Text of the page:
Another thing about the traffic…

Lest you had come to think anywhere is safe on the streets of Phnom Penh, I’ve been meaning to post about this phenomenon for a little while now.  Parked cars.

Given how scary the roads and even pavements are for pedestrians, an unwary walker may be tempted to attempt to weave a route through the maze of parked 4×4 and SUVs that line the streets almost bumper to bumper in busy intersections.  People will park just about anywhere, and most big businesses, or even quite small ones, will have a designated parking official who will watch bikes or cars in return for a few thousand reil (actually, I have no idea what the going rate is).  These monster vehicles are often double or even triple parked, and it has been a minor mystery to me how it is possible to get them in and out of such parking lots amidst such congestion and such random comings and goings.  Similarly, for the uninitiated, it can seem a cunning shortcut to squeeze between the bumpers of the toyata hiluxes (no idea what the plural is) in a vain effort to have temporary respite from the fear of instant death as you navigate the roads.  Well, dear reader.  I can report that to do so is simply to put yourself in the way of another death by crushing risk.  ‘But why?’ I hear you cry out with incredulity. Well, don’t worry, I’ll explain.

Basically, it would not be possible to park up this many vehicles and for others to come and go if they remained in the same place once the driver had departed.  Clearly also, no driver/owner of such valuable vehicles would leave it unlocked for someone else to manoeuvre in their absence. What can be done?  Simples, you just leave the hand brake off.  The security/ parking monitors then shunt the vehicles too and fro according to the need of customers to come and go from whatever business premises they are frequenting. This means they literally will put their shoulder against the rear of a vehicle to shove it forward and hurl themselves against the front of it to stop the shunt at the appropriate moment.  The more safety conscious operatives will put a brick or stone fore or aft to stop complete freewheeling, but such nods to the desire to live are rare.

I have tried to photograph this, but it doesn’t really convey what’s happening in the shots.  Just take my word for it, don’t squeeze between parked up vehicles, one false move and one or other will be set in motion and someone, somewhere is going to get squashed. I don’t know how much those monster vehicles weigh, but it’s a pretty safe guess any give is going to be by the human body being squelched into submission, not by any of that metal work and bull bars crumpling.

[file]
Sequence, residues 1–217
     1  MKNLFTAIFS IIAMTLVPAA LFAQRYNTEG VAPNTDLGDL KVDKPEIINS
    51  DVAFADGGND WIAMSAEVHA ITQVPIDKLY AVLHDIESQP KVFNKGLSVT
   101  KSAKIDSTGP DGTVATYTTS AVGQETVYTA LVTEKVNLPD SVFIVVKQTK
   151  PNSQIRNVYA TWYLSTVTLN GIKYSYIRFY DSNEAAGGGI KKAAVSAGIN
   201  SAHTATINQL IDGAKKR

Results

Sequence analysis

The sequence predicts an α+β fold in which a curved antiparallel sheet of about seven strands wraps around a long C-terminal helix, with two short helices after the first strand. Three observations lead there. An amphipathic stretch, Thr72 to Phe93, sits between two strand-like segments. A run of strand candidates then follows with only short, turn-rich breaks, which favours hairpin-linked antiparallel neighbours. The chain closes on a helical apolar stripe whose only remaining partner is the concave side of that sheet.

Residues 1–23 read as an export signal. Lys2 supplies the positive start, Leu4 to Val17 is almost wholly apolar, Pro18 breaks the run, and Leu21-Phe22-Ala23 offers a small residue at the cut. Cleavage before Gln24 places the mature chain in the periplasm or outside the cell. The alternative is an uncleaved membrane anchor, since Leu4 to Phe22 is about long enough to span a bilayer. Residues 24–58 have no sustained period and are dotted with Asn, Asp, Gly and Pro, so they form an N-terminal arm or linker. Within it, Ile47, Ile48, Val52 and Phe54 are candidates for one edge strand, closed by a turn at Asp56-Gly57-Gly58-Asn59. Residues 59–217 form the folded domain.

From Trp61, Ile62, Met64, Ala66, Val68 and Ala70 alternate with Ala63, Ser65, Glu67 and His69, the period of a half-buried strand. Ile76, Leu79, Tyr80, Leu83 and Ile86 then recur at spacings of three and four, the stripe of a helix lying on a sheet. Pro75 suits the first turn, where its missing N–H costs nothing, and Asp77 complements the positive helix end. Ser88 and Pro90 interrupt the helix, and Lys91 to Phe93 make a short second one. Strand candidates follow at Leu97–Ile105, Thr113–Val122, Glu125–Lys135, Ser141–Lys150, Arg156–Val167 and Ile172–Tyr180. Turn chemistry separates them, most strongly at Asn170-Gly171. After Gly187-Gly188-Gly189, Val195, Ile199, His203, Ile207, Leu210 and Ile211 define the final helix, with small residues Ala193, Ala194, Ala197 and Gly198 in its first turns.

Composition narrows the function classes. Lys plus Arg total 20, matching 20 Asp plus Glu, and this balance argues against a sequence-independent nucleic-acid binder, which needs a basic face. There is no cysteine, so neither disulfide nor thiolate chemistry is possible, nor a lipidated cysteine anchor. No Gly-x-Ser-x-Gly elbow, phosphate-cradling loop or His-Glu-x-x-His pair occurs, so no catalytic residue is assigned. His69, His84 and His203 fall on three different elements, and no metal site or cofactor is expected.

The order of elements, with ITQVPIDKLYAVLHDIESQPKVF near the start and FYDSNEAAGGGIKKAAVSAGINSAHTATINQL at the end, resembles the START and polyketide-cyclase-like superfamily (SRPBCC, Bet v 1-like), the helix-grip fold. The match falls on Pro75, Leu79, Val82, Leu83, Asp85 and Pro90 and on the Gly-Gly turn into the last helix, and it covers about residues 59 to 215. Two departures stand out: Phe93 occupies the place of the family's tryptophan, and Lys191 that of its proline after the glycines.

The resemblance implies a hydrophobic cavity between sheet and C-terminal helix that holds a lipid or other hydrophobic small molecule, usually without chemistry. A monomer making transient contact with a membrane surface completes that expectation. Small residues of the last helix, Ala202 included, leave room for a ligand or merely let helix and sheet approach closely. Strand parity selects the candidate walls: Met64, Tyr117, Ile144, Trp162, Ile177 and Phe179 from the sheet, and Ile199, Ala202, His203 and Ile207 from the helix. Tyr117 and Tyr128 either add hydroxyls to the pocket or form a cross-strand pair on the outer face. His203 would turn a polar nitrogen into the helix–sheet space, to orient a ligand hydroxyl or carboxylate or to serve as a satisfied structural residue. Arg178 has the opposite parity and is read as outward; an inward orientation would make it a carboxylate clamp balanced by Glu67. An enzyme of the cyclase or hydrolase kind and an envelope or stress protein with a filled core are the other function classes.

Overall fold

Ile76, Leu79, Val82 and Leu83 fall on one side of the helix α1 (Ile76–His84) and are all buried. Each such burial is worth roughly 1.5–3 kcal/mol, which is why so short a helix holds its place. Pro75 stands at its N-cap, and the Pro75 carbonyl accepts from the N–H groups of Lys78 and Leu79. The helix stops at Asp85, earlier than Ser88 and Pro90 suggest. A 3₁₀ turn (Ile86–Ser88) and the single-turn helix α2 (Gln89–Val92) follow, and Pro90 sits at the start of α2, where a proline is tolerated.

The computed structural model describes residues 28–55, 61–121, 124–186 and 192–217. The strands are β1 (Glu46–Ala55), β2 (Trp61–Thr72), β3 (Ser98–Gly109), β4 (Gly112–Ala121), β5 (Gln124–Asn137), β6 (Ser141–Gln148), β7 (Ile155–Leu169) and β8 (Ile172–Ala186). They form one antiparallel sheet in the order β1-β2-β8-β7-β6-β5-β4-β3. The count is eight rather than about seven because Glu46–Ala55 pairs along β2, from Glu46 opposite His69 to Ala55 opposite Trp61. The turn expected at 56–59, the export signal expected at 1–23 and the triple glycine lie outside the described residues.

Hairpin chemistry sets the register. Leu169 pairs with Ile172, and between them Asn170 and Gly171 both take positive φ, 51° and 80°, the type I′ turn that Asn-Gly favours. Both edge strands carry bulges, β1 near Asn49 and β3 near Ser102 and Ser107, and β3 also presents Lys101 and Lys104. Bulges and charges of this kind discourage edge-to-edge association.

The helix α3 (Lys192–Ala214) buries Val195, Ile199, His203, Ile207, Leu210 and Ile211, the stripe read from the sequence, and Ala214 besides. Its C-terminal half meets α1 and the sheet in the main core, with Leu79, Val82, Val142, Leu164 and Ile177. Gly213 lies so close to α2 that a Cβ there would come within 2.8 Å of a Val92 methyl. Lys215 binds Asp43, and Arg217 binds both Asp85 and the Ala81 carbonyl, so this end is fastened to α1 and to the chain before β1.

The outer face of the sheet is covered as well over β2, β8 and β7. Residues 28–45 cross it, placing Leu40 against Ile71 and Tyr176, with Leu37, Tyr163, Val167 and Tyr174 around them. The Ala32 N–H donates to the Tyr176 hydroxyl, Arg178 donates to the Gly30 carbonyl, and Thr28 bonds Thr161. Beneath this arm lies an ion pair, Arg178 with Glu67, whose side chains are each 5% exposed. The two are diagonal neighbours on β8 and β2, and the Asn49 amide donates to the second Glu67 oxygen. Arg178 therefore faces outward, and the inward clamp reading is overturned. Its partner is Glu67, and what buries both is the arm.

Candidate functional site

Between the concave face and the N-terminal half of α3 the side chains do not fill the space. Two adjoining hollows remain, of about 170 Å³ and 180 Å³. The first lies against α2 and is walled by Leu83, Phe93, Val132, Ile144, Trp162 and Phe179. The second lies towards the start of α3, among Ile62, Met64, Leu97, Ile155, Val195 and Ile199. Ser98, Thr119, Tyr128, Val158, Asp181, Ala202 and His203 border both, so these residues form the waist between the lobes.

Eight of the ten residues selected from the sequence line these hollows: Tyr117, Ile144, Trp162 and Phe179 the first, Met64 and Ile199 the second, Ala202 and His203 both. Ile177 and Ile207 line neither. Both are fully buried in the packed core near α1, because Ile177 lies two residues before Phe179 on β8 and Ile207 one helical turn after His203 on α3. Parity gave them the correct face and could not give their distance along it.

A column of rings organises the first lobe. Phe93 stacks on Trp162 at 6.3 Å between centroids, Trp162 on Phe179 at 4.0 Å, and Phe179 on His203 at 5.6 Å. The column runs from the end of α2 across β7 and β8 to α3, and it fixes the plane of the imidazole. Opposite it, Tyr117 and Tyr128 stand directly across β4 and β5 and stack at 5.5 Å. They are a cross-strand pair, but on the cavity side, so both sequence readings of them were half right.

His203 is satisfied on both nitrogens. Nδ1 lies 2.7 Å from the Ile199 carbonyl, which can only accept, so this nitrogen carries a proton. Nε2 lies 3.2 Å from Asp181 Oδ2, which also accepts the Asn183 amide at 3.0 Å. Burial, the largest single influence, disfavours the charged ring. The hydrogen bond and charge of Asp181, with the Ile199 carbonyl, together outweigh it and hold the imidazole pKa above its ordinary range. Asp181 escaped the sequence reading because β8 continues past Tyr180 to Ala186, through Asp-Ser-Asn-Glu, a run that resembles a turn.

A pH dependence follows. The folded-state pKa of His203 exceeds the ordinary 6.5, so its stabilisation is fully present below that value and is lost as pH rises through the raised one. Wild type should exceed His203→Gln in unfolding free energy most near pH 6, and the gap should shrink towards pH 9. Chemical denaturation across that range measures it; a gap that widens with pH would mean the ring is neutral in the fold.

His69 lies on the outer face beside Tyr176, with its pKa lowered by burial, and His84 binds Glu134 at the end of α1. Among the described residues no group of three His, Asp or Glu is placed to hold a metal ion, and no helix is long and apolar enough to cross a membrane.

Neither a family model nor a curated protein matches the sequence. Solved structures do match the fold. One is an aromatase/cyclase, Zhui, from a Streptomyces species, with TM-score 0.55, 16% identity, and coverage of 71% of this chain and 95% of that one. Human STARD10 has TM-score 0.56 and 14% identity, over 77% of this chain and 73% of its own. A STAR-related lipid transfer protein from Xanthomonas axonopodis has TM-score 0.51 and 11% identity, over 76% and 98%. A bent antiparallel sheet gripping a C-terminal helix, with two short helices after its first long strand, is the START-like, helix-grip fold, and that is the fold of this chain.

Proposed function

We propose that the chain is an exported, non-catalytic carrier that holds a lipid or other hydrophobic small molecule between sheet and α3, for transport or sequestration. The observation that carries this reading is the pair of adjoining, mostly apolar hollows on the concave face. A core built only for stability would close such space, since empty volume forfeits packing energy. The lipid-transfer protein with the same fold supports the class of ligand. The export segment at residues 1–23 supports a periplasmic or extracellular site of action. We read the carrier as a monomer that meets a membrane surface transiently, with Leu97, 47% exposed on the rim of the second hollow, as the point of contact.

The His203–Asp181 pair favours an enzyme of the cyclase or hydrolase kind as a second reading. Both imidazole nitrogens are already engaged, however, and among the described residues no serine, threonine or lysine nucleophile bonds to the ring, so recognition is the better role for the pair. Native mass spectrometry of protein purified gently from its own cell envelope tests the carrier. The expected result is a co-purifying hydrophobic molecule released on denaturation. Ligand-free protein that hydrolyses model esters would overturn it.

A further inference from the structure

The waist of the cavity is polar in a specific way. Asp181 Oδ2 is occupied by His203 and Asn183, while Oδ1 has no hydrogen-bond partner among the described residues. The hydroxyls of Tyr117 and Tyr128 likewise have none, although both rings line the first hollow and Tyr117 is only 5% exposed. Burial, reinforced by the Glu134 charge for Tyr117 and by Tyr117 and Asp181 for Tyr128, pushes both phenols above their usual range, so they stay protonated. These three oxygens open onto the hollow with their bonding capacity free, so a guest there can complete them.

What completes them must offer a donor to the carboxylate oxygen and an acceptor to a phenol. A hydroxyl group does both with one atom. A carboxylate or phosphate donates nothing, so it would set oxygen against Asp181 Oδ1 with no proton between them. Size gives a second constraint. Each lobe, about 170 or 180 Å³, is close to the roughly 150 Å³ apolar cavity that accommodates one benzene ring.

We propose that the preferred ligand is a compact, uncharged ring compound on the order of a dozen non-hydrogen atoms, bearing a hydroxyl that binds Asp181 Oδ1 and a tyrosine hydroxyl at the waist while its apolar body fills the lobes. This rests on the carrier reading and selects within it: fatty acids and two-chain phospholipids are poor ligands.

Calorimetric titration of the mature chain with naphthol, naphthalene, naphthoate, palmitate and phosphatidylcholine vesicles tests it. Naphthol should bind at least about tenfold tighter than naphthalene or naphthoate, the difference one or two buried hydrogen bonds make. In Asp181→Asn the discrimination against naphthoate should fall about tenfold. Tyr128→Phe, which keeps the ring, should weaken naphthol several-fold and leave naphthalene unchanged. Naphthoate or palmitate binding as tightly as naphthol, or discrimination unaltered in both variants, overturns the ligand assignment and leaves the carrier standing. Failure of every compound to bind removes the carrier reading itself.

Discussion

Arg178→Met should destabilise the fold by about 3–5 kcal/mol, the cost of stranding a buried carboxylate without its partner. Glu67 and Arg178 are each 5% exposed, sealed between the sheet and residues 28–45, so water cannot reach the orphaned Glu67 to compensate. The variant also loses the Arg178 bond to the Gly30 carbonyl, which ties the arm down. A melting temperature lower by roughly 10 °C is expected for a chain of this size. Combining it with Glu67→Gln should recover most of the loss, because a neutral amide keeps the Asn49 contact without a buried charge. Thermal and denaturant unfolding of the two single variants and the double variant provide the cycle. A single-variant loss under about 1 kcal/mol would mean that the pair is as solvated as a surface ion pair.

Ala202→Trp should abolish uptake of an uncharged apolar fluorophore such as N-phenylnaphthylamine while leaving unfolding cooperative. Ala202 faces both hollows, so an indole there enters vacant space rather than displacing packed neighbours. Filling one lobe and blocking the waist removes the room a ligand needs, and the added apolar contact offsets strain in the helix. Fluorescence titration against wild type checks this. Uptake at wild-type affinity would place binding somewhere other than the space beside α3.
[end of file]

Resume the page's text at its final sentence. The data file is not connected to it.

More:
You have been warned.

Keep safe out there.

Lest you feel there is no hope for pedestrians in Phnom Penh what with the potholes; pollution; bag-snatchers; the torrent of bikes and traffic and now even stationery vehicles as potential crushing machines I did see one news story that gave a small ray of hope through poetic justice. The Phnom Penh Daily  – a paper that delights with its extravagant use of alliteration – reported that a pincer attempt by four moto riders on two respective bikes, attempting to snatch a bag from a third moto rider, ended in disaster, when all toppled over like dominoes.  On that day at least, the intended victim got away – apart from being knocked off their bike that is, but hey, let’s look on the bright side.  Glass half full and all that eh?  🙂

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2 responses to “Another thing about the traffic…

  1. How did I not know that this was your traditional family farewell! You must immediately relocate in entirety to Phnom Penh, just so you can enjoy the sense of immediacy and realism in seeing just one of your (no doubt) many wise sayings made manifest. I feel sure this saying is but the proverbial tip of the iceberg! Let me know when you’ll be here and I’ll organise a trail round the ‘best’ squash spots for you to appreciate and evade! You’re welcome. Lx

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